Our Catholic Church teaches that one of the greatest acts of love for another is sharing one’s body in complete vulnerability. “I love you. I trust you. I am yours completely.” Yet, in order to receive this act of love as intended, it cannot be separated from the commitment that is found in a sacrament—in this case, the sacrament of matrimony.
This act of freely entering into this holy sacrament strengthens both individuals and empowers them to serve the Lord throughout their time on Earth not only as individuals, but as a team bonded in Christ.READ MORE
The world has lost its mind.
I know it might seem that I’m a bit late to the party when I write that, but a few articles I just came across really drove this point home for me.
In the first article, I read where Target is trying to walk the tightrope between appealing to our “anything goes” world, while also attempting to appease those of us still holding onto sanity with the tiniest of gestures. They are pulling a few items from their LGBTQ+ collection, while moving other items a bit further back into certain stores.READ MORE
I just walked into the office.
Let me write those words again.
I just WALKED into the office.
Over the past year, I’ve received four lumbar shots, had three MRIs, two x-rays, a myelogram, my bloodwork done several times, three hospital stays, a discectomy, and an anterior lumbar interbody fusion. I’ve used a cane. Then, a walker. Finally, a wheelchair.READ MORE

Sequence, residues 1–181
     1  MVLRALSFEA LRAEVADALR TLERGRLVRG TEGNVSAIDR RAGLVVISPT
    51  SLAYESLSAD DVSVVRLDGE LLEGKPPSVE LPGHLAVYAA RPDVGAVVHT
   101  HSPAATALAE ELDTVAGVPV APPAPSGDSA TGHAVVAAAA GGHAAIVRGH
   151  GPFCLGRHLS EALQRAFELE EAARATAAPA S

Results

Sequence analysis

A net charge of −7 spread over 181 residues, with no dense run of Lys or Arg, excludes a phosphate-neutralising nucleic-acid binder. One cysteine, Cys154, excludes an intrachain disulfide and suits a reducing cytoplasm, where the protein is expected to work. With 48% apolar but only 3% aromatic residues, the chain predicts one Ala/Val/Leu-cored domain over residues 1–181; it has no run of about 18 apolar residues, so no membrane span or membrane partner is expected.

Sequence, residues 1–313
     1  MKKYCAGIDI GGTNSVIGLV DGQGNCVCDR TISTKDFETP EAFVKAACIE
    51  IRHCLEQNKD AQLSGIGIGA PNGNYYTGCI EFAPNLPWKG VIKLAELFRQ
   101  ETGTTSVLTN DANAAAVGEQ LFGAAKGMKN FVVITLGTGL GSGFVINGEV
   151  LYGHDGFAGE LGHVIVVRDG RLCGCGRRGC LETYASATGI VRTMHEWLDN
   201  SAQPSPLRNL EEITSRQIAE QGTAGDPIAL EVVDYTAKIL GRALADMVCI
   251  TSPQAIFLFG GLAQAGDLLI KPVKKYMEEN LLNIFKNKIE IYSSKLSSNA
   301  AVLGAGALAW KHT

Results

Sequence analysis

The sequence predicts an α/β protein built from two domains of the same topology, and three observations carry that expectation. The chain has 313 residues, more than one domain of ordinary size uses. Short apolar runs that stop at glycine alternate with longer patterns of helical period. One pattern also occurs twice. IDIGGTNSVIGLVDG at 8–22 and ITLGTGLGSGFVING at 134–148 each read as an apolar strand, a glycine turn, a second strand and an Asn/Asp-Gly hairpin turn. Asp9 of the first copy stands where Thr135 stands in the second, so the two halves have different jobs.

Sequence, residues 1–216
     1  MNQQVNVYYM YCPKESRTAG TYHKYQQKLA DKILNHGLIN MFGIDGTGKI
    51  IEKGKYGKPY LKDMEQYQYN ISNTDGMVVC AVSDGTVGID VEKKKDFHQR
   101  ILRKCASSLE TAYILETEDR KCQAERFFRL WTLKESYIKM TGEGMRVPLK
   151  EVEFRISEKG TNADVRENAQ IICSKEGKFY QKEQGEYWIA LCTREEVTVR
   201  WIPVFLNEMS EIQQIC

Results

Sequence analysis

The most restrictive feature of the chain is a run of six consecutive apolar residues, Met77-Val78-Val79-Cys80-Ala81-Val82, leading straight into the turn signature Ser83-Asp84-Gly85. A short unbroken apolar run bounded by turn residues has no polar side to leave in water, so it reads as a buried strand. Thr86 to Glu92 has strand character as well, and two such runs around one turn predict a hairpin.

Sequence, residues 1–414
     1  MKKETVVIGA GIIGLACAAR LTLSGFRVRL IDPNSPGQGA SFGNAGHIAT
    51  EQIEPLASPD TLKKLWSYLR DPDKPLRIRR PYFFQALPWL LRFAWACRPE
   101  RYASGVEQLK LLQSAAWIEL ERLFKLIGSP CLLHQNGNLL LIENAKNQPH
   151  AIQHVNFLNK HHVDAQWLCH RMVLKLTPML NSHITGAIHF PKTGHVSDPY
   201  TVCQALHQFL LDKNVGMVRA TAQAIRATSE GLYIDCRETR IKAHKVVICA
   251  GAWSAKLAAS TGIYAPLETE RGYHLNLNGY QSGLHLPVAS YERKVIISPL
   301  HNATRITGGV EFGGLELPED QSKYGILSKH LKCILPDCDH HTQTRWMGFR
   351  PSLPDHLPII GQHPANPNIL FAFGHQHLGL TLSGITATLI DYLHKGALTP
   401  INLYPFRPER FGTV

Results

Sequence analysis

My poor little sniffly kindergartner cannot seem to stay healthy. As a result, my wife and I have been emphasizing a few keys she can focus on to bolster her immune system.
The First Key: Reduce Sugar. You have enough energy already. Sugar has virtually no nutritional value and only leaves you wanting more. The Second Key: More Veggies and Fruits. This is the stuff that “sticks to your bones.” It makes you big and strong. The Third Key: Stop Sharing Your Water Bottle. You are inviting germs into your body. The Fourth Key: Stop Wiggling Your Baby Teeth. Keep your hands out of your mouth. Be patient. The Fifth Key: Get Your Sleep. You’ll die without it.READ MORE
It can be difficult to stay “locked in” all the way through Mass. We know it isn’t easy to pay full attention to anything these days. I sometimes wonder if that is the real reason movie theaters aren’t as popular as they once were. It might not be because Netflix and other streaming services are releasing so many new films or the increasing size of crystal-clear televisions. It might just be that people want to scroll on their phones while watching a movie.
Full attention to anything seems to be at an all-time low and it is easy to miss something important. That said, I hope you didn’t miss a crucial ingredient in this Sunday’s first reading.READ MORE
When Jesus prepares his disciples for his imminent departure, he begins with the words, “Do not let your hearts be troubled.”
Easy for him to say, right? He is God. Meanwhile, we are stuck here on Planet Earth dealing with the fallout of free will.
And the free will God has given us applies to everyone. It’s given to folks who use it to follow Jesus’ example with astonishing consistency. It’s also given to folks who moderately try to be Christians, but never venture too far beyond their own comfort. And unfortunately, it’s given to those who repay the gift with cruelty and sin.READ MORE